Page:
Large private sector companies, including ITC, the US-based Cargill and Rallis, are entering the agriculture supply chain in Uttar Pradesh for the first time.
These firms, which were so far interested only in selling their products in the state's rural market, are now supplying seeds and fertiliser, providing technical inputs and conducting local research as well as procuring farm produce.
Some more Indian companies are expected to join the list, while the Birla and Tata groups could also set up marketing operations in the state.
The Kolkata-based ITC has set up several e-choupals in the state, which offer agri-business information, products and services to farmers. They can access latest information on weather, scientific farming practices as well as market prices on its portal www.echoupal.com. They can even buy farm inputs on the website.
ITC is planning to invest Rs 100 crore (Rs 1 billion) in setting up around 1,500 e-choupals, covering nearly 10,000 villages and 2.5 million farmers, in the state in the current financial year.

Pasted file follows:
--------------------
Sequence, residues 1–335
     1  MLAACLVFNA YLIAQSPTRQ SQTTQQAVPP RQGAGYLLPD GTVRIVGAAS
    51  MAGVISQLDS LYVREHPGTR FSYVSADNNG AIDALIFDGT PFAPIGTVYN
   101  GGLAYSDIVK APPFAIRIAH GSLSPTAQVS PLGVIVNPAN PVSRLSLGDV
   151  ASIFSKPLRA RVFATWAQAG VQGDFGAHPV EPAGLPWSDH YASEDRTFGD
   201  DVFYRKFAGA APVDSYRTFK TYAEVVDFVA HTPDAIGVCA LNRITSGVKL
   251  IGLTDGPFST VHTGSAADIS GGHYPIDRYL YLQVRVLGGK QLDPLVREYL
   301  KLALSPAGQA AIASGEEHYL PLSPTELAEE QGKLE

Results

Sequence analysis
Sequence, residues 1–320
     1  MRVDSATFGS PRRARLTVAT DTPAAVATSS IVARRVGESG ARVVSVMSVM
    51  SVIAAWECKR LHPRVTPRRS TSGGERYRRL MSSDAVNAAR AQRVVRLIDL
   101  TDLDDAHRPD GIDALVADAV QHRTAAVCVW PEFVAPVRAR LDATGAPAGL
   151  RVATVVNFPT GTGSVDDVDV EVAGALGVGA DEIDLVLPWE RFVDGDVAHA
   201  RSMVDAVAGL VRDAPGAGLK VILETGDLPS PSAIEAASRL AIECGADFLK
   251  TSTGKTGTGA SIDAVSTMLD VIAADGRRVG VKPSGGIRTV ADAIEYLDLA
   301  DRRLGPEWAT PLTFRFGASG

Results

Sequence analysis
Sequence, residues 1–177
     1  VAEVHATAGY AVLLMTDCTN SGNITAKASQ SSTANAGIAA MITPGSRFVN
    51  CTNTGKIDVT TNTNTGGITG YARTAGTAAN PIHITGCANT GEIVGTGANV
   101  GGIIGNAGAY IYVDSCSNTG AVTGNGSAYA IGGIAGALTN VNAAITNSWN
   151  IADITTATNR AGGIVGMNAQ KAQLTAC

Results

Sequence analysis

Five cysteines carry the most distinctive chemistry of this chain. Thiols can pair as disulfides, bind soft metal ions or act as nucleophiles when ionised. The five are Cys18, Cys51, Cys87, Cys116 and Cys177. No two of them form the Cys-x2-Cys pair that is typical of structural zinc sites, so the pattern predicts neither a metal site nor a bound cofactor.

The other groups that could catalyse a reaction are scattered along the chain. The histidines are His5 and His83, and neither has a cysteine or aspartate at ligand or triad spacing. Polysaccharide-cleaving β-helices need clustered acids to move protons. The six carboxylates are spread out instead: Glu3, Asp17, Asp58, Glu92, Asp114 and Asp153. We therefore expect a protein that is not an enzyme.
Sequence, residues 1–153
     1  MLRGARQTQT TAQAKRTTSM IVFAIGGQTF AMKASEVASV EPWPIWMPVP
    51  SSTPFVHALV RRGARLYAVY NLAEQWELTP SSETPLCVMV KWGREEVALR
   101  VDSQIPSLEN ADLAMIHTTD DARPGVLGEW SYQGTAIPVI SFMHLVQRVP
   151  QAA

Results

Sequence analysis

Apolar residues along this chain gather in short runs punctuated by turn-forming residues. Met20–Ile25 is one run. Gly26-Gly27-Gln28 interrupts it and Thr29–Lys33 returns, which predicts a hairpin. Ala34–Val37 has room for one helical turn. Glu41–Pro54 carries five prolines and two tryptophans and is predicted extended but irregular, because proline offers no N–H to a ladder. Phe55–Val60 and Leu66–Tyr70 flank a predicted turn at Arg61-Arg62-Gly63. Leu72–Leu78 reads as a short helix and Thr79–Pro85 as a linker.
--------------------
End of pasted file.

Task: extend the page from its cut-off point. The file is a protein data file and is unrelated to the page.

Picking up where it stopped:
A Federation of Indian Chambers of Commerce and Industry study says ITC's e-choupal initiative has helped farmers to increase sales by 10-15 per cent. It has also helped the company to save 3-4 per cent of its procurement cost.
Cargill India procures directly from farmers, who get an assured marketing outlet, eliminating commissions and brokerages paid to a host of middle-men in the supply chain. The company is involved in procurement, storage, warehousing as well as marketing of farm produce.
Rallis, with the help of partners, markets key inputs like chemicals, pesticides, seeds and fertilisers to farmers.
For instance, banks and financial institutions like ICICI Bank and the National Bank for Agriculture and Rural Development provide financial assistance to the farmers -- offering credit to buy necessary inputs as well as funding working capital requirements.
In Uttar Pradesh, Rallis is involved in wheat and basmati rice cultivation in the Atrauli, Hardoi and Shahjahanpur districts.
With big companies directly buying their products, farmers are assured of immediate cash, while the state's monopoly over procurement has also ended.